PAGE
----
For the last couple months my wife and I have made a lifestyle change that has been effective for both of us but has been the subject of a bit of judgement. I am now a full time stay at home wife. It's actually the best job I've ever had and I really like the hours! Taking care of my spouse, our pet-kids, and the house has been fulfilling but very hard work. I always feel like I'm behind. A retired friend of mine recently said "just because you don't work outside the home doesn't mean your not working." Boy is she right.
Initially we made the decision for this career change as a temporary one. That I'd take a year off from working outside the home full time so I can build my health after enduring a 2 year assault on my body from chronic illnesses. When sick I was either in college (online) full time or part time and even worked full time at home for an online retailer for a while. The truth is being sick is a full time job. The pain, exhaustion, and weakness takes up all your time and energy. So while I was still quite acute I was in essence working 2 jobs. One was taking care of myself, the other was trying to keep money flowing into the house.
Now that one illness has had a mostly successful surgical solution, and the other is in remission, I am doing comparatively well when we consider my physical state even a year ago. Yet my two latest chronic illnesses effect me weekly if not daily and if I'm not careful, they can lead me straight into an autoimmune flare that keeps me down for weeks. So when the wife & I took a hard look at our situation; financially, spiritually, and emotionally, we decided that my taking a year "off" would be for the best. But now we seek to make this change permanent.
What I've been surprised to learn is that there is no such thing as off time now that I'm mostly home and less sick. There is a common misconception that Toni Bernhard discusses in her article Six Common Misconceptions about the Chronically Ill. The idea that being home all day is luxurious and relaxing is hogwash, especially for those who care for the home and family and/or those who are chronically ill. Working at home is a real job and as far as I can now see, one of the most important and valuable jobs there is. The work is creative, tiring, and unrelenting. There is never a time when a housewife (or husband) gets to say "yep, every task is complete!" There is always something else to do. Always! There is always something to learn, to attempt of perfect, or to think about. It's the one job where you don't really get the night off because you are the one taking care of those who have the night off.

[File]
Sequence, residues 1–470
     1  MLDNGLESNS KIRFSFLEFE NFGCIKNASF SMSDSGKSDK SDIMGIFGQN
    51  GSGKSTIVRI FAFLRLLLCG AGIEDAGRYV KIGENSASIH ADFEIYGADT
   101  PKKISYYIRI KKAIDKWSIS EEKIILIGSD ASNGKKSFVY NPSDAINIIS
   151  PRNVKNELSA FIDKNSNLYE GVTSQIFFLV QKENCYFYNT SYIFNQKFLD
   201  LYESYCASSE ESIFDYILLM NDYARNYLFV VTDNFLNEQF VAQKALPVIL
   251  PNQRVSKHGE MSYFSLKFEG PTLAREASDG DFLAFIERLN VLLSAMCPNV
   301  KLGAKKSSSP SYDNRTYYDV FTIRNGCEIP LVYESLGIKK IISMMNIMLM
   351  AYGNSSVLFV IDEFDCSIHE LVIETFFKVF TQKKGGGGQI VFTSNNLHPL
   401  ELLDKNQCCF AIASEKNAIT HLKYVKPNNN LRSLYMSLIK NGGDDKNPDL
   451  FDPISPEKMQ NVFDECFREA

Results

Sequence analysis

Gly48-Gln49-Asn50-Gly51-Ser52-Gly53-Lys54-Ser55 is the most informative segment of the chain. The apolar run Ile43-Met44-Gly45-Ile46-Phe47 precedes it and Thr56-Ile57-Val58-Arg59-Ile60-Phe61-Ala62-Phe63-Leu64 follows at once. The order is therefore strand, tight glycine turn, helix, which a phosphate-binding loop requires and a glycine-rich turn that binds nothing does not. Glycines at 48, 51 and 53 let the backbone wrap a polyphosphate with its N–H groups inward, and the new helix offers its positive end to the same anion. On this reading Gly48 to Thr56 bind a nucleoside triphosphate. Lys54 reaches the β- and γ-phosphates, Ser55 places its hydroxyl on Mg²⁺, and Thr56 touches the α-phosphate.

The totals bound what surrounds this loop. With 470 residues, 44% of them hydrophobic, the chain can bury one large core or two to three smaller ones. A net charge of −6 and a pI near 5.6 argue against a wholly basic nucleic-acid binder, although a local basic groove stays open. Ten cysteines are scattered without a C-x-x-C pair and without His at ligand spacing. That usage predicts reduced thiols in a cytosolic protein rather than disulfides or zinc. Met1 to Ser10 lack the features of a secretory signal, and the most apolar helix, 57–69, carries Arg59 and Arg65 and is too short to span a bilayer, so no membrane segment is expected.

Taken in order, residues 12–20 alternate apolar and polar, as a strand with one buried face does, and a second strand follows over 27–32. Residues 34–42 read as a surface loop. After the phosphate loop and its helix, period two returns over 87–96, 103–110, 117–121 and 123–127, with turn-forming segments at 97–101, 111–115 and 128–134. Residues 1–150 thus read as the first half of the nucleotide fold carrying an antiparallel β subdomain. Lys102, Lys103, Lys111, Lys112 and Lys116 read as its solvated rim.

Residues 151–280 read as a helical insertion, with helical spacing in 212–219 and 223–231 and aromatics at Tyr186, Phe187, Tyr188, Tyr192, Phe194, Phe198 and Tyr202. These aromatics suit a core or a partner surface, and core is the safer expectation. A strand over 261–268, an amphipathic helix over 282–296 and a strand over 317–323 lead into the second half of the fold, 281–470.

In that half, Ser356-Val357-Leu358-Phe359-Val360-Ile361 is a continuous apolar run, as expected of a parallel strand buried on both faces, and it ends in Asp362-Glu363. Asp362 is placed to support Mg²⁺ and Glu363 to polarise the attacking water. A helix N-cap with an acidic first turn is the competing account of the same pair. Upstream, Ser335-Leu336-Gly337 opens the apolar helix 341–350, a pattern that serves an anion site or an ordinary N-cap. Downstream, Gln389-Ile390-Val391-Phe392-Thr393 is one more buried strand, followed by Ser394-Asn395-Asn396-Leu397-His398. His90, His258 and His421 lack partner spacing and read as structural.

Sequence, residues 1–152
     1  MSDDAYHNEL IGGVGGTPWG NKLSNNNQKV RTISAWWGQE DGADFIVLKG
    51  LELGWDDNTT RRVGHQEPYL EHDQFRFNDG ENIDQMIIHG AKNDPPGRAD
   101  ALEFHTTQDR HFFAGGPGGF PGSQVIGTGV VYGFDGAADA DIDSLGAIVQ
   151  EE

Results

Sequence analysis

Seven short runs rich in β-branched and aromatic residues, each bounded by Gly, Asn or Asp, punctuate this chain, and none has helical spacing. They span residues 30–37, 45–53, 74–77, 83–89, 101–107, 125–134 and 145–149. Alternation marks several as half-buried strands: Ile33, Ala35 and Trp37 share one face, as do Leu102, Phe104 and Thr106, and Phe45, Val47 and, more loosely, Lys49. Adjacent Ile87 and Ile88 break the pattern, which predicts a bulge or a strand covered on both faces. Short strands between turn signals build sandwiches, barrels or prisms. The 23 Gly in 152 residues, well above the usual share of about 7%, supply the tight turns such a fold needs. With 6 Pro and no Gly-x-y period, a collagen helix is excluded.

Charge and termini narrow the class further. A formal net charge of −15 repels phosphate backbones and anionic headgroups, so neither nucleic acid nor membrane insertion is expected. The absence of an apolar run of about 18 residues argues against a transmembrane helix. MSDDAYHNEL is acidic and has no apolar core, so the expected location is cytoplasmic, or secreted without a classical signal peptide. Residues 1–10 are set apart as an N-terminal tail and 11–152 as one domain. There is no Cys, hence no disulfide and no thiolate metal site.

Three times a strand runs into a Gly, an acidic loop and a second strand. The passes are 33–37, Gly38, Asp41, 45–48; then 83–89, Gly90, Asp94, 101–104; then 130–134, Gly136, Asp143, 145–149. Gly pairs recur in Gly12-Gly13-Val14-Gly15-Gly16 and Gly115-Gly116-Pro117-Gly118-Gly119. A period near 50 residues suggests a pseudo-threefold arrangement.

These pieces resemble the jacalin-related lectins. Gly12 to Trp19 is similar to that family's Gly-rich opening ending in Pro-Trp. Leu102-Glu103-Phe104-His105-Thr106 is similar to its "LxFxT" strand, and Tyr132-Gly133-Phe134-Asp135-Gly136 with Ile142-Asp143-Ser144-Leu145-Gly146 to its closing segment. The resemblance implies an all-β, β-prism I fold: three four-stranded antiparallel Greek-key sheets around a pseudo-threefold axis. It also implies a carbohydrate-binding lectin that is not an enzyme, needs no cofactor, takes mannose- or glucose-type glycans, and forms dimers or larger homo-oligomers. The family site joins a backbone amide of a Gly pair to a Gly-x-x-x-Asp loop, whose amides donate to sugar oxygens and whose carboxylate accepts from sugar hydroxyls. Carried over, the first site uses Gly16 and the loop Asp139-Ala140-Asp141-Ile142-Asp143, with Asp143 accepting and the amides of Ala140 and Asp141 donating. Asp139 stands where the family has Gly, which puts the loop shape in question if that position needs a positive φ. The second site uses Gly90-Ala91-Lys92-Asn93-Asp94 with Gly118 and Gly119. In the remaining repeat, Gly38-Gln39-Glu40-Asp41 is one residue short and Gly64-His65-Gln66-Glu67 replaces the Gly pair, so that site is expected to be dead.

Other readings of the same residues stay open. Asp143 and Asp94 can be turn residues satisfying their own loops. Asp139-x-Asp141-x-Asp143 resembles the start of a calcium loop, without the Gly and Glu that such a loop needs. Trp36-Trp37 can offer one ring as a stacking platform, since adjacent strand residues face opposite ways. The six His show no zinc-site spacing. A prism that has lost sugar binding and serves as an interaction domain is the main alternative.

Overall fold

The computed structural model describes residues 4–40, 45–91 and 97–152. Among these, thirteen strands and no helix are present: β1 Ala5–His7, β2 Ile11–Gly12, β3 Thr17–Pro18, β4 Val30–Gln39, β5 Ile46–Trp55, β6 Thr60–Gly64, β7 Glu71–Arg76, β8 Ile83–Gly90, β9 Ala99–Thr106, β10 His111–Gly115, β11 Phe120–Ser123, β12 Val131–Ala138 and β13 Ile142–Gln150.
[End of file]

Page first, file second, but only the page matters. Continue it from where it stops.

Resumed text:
It has been an interesting experiment in my own willingness to not judge those who may judge me & my wife when others ask what I do. Perhaps I misinterpret some of the reactions but thus far I have seen a hint of what I could only describe as sexism disguised as feminism. We as a culture undervalue what has often been considered "women's work" and celebrate women who emulate the patriarchal, elitist, and capitalistic idea of income as a measure of success. When my wife & I tell people in essence, we are willing to maintain a working class income so that we may be happier, we are sometimes met, mostly by other women, with an air of disapproval.
There is a common misnomer that has been used to undervalue the importance of women working in the home: the idea that women were not able to work outside the home when they really wanted to. This is a historical inaccuracy perpetuated mostly by the elite and middle class white feminists. Ultimately women working outside the home was not a problem of all women but certain women. And while I agree that restriction of freedom for anyone regardless of circumstance is wrong, we must look at the history not written by the those with capitalistic agendas. For example, Black women who were former slaves who wished to work in the home, like their white counter parts, were forced after abolition to work in the fields because their husbands were purposely paid wages so low, they were forced to work. In fact white men at the time were infuriated when a Black woman dared to stay at home like their white wives. It was seen as uppity. So folks, for my ancestors sake, I dare to be uppity.
Success in terms of my work is no longer about how much I follow corporate agendas, kowtow to ethics that don't match my own, or pretend to care because I'm paid to do so. I fully admit I'm very lucky to have a spouse who is supportive of this career choice and honors my work enough to find ways to maintain our lifestyle of nurturance. I married someone who I can count on to always have a job and who greatly enjoys my work and sees it as equal to hers. For us success means that we do work that is meaningful and serves others. We don't have to literally buy into the idea that more money, more stuff, more hours away from home equals a real life. We've learned that tending a garden is real work, making dinner from scratch is real work, that resting is real work, and that a loving & calm home for our family is the greatest success we could ever achieve.
Image courtesy of unprofound